The price of oil reached a record high of $147 on July 11, 2008. Could such a sharp, unexpected spike occur again?
Increased shale production in the U.S. helps us guard against it. But there are many factors that could cause prices to spike, and Middle Eastern events are far beyond our control. As long as the global oil market relies so heavily on a narrow waterway connecting the Persian Gulf and the Gulf of Oman, “those risks remain,” according to oil and international affairs expert Steven Kopits.
Kopits, president of the consulting group Princeton Energy Advisors, raised eyebrows last November when he warned, in a post for CNBC, that the conflict between Saudi Arabia and Iranian-backed Yemeni rebels could spread across the entire region. Situated precariously is the Strait of Hormuz, which connects the Persian Gulf and the Gulf of Oman. Iran is on one side of the strait, Oman the other. At one point it’s only 34 miles across, narrow enough to swim across, if you avoid the sharks.
Kopits, who has a Masters degree in international economics from Columbia University, says that about 17 million barrels of oil pass through the strait every day, about 18 percent of world consumption. “Were a war between Saudi Arabia and Iran to erupt, this chokepoint could easily be closed,” Kopits wrote.
The impact of such a closure on the global economy would be severe and immediate. For example, the Suez Crisis of 1957 saw 10 percent of the world’s oil production taken off the market. Within a month, the U.S. and Europe were facing a recession which would last the better part of a year.
Market forces alone aren’t likely to cause oil prices to rise to $147 anytime soon, not with the U.S. drilling at a record pace, Kopits said. But the potential for a price surge based on another unforeseen event — like a terrorist attack or geopolitical confrontation — is always there.
“If something happens in the Strait of Hormuz,” Kopits said, “you will see an oil shock of the scale you couldn’t imagine, that is way worse … an order of magnitude worse than anything we’ve seen historically.”
The strategic importance, and thus the vulnerability, of the Strait has long been known: A 2012 post in NatGeo noted that Iran “has one undisputed weapon: the ability to block the most important oil transit choke point in the world.”
Severe supply constrictions anywhere in the world always bring swift damage to the U.S. economy: The 1973 oil crisis, brought on when OPEC halted oil exports to the U.S. after the country’s support for Israel during the Arab-Israeli War, reduced American supply by 7 percent. The shortage caused long lines and short tempers at gas stations, as we showed in our 2014 documentary PUMP:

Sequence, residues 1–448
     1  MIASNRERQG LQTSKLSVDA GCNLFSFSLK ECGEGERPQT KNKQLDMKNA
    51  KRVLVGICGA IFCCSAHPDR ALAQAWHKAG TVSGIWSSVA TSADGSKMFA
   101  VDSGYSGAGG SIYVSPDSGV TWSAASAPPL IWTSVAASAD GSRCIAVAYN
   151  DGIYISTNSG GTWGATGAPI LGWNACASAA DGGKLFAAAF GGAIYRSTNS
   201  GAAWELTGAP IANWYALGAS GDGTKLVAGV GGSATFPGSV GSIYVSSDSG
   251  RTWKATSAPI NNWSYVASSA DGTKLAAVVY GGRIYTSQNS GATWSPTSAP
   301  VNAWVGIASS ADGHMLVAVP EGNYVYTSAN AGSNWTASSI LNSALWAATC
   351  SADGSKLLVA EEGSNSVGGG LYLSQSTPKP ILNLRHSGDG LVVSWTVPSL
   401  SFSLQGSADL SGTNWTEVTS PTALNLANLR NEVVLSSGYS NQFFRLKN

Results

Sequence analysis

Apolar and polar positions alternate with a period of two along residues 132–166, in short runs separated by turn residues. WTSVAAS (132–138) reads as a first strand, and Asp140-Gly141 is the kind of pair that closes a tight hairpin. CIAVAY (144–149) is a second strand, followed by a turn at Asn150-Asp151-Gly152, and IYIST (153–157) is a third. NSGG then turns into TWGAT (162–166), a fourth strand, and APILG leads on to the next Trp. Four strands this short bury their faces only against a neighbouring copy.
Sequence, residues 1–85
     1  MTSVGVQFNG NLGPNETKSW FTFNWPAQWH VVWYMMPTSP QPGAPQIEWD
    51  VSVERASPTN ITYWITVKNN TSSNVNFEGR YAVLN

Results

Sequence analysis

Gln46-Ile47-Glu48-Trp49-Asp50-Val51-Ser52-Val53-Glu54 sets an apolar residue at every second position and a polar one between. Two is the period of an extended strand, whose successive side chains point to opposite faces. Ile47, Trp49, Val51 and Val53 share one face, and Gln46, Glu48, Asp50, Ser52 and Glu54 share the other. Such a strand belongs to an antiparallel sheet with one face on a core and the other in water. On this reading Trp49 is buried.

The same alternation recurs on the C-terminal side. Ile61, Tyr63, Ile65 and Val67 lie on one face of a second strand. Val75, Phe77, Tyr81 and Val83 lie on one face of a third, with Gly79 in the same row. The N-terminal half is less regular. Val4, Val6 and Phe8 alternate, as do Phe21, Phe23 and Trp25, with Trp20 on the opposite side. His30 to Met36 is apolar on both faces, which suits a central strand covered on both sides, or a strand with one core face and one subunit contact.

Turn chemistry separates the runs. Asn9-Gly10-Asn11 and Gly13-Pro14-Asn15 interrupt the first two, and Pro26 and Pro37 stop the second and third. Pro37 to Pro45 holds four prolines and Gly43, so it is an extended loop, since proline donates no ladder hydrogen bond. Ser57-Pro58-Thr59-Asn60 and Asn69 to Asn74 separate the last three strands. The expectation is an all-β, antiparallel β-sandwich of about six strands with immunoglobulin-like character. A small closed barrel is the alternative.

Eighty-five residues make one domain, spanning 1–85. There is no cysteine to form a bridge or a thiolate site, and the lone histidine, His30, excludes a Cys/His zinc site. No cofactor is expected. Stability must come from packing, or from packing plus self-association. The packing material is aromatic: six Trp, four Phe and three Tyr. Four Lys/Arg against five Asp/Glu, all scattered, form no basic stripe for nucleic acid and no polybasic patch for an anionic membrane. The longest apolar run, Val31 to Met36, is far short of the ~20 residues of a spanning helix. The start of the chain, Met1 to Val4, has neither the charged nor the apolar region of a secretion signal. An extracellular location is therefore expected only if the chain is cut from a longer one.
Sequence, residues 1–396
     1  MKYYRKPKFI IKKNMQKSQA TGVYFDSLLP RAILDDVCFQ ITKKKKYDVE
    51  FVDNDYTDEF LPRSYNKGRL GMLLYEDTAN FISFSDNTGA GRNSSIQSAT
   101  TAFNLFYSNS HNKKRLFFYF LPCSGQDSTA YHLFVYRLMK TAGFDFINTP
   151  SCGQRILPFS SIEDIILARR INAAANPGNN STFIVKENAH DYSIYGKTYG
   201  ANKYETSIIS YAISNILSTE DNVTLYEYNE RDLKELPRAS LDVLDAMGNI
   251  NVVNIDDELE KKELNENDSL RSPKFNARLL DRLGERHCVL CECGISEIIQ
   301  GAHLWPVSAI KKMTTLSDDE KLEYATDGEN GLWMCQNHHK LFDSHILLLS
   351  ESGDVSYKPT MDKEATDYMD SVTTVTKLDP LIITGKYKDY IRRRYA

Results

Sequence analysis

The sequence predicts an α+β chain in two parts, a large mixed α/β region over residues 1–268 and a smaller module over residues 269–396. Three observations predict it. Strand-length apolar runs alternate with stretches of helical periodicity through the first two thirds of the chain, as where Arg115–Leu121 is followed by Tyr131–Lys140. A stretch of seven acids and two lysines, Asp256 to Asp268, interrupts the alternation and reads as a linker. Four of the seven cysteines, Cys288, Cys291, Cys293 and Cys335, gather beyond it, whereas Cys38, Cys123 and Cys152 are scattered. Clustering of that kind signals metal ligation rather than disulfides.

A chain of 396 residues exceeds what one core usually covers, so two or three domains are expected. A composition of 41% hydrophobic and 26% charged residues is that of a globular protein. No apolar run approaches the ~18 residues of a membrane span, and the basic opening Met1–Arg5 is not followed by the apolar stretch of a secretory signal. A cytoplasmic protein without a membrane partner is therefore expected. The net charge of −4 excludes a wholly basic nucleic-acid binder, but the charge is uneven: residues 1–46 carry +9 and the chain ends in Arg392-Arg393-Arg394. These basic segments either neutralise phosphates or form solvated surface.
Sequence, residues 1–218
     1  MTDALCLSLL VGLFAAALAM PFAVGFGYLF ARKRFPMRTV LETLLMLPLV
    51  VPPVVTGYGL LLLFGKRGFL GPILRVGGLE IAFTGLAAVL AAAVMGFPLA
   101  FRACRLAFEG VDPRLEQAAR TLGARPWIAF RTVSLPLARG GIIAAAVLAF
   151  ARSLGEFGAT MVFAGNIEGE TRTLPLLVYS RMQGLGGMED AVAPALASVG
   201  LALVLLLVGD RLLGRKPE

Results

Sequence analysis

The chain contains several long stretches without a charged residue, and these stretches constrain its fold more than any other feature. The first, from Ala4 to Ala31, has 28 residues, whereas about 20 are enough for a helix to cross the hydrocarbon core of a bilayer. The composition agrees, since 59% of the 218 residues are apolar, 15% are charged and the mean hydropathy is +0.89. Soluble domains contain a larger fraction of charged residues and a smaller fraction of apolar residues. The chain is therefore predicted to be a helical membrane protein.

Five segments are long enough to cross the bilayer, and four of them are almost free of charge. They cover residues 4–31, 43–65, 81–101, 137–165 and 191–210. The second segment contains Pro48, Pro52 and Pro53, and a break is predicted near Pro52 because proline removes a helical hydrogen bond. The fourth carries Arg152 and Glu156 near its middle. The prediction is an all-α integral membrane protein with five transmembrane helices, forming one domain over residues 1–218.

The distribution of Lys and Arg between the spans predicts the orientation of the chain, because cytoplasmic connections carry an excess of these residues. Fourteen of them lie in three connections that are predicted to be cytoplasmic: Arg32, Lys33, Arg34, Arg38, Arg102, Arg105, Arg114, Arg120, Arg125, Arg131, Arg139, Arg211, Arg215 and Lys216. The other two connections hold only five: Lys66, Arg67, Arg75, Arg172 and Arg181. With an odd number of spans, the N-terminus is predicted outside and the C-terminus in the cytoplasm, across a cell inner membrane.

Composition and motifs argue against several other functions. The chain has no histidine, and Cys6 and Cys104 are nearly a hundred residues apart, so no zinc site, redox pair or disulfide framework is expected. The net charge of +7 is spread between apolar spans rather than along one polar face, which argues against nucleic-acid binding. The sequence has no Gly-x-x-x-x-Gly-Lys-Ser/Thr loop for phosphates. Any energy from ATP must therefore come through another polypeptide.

The “second oil shock,” in the late 1970s and early ’80s, also was brought on by Middle East instability: The Iranian government was overthrown, and student-led activists took 52 Americans hostage. Oil production the country slowed, sending U.S. oil prices from $13 to $32.50.
On Friday, July 11, 2008, West Texas Crude — the U.S. benchmark — climbed as high as $147.27 before settling at $145.08. Brent crude — the international benchmark — closed at $144.49. That same month, the average national price for a gallon of unleaded gasoline hit $4.11; today it’s $2.64.
What caused the 2008 spike? The New York Times attributed it to “continued tensions in the Middle East and concerns of renewed violence in Nigeria.” Reuters blamed “growing worries about threats to supplies from Iran and Nigeria and a strike by Brazilian oil workers next week.” The AP cited “rising hostilities between the West and Iran and the potential for attacks on Nigerian oil facilities.”
Where is the next global hot spot that could prevent oil from getting where it needs to go on time? Syria is an obvious danger zone, Kopits said. Hostilities could draw in the U.S., Russia, Iran or Israel.
“You could go 10 years and everybody’s calling each other names, but nothing really happens, or you could have a bad instant in a day, and a week later the oil price is heading through the roof,” Kopits said. “And the Iranians, I think, export 2.6 million barrels a day? If you lost Iranian exports at that scale, that’s the same as 1979 That would be … yeah, you’d get a real nice oil price spike out of that, and that could certainly put the global economy into recession.”
Since 10 of the last 11 recessions in the U.S. were preceded by an oil-price spike, including 2008, this isn’t an academic issue: Oil prices can rise quickly at any time, for reasons we can’t see coming and can’t control.
All the more reason why we should increase the availability and usage of alternatives to oil, so we’re not at the mercy of such a vulnerable global system. History tells us that the next spike is always just around the corner.